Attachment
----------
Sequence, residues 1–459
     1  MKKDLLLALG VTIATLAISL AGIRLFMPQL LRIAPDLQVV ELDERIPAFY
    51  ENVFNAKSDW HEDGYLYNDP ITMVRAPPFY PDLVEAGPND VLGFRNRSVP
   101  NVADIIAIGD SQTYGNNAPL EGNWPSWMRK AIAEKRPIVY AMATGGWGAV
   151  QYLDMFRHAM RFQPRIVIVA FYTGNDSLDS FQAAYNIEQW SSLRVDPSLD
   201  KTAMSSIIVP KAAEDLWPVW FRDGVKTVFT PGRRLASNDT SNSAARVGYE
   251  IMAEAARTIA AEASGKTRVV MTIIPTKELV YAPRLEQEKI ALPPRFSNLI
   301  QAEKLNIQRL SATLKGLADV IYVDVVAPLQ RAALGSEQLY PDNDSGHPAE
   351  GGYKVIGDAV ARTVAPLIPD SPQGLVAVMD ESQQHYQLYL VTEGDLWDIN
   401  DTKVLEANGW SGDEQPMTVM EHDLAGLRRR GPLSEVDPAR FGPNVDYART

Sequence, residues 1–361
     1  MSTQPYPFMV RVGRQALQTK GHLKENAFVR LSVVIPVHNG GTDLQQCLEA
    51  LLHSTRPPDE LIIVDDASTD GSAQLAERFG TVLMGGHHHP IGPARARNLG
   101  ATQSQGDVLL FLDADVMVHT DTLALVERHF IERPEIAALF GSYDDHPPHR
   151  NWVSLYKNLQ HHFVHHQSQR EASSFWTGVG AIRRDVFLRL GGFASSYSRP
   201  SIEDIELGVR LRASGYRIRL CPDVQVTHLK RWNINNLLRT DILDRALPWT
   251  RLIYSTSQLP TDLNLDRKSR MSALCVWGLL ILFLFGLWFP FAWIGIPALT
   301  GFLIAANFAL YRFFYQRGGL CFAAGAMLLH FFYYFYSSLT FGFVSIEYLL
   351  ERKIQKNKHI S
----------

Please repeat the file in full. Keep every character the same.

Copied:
Sequence, residues 1–459
     1  MKKDLLLALG VTIATLAISL AGIRLFMPQL LRIAPDLQVV ELDERIPAFY
    51  ENVFNAKSDW HEDGYLYNDP ITMVRAPPFY PDLVEAGPND VLGFRNRSVP
   101  NVADIIAIGD SQTYGNNAPL EGNWPSWMRK AIAEKRPIVY AMATGGWGAV
   151  QYLDMFRHAM RFQPRIVIVA FYTGNDSLDS FQAAYNIEQW SSLRVDPSLD
   201  KTAMSSIIVP KAAEDLWPVW FRDGVKTVFT PGRRLASNDT SNSAARVGYE
   251  IMAEAARTIA AEASGKTRVV MTIIPTKELV YAPRLEQEKI ALPPRFSNLI
   301  QAEKLNIQRL SATLKGLADV IYVDVVAPLQ RAALGSEQLY PDNDSGHPAE
   351  GGYKVIGDAV ARTVAPLIPD SPQGLVAVMD ESQQHYQLYL VTEGDLWDIN
   401  DTKVLEANGW SGDEQPMTVM EHDLAGLRRR GPLSEVDPAR FGPNVDYART

Sequence, residues 1–361
     1  MSTQPYPFMV RVGRQALQTK GHLKENAFVR LSVVIPVHNG GTDLQQCLEA
    51  LLHSTRPPDE LIIVDDASTD GSAQLAERFG TVLMGGHHHP IGPARARNLG
   101  ATQSQGDVLL FLDADVMVHT DTLALVERHF IERPEIAALF GSYDDHPPHR
   151  NWVSLYKNLQ HHFVHHQSQR EASSFWTGVG AIRRDVFLRL GGFASSYSRP
   201  SIEDIELGVR LRASGYRIRL CPDVQVTHLK RWNINNLLRT DILDRALPWT
   251  RLIYSTSQLP TDLNLDRKSR MSALCVWGLL ILFLFGLWFP FAWIGIPALT
   301  GFLIAANFAL YRFFYQRGGL CFAAGAMLLH FFYYFYSSLT FGFVSIEYLL
   351  ERKIQKNKHI S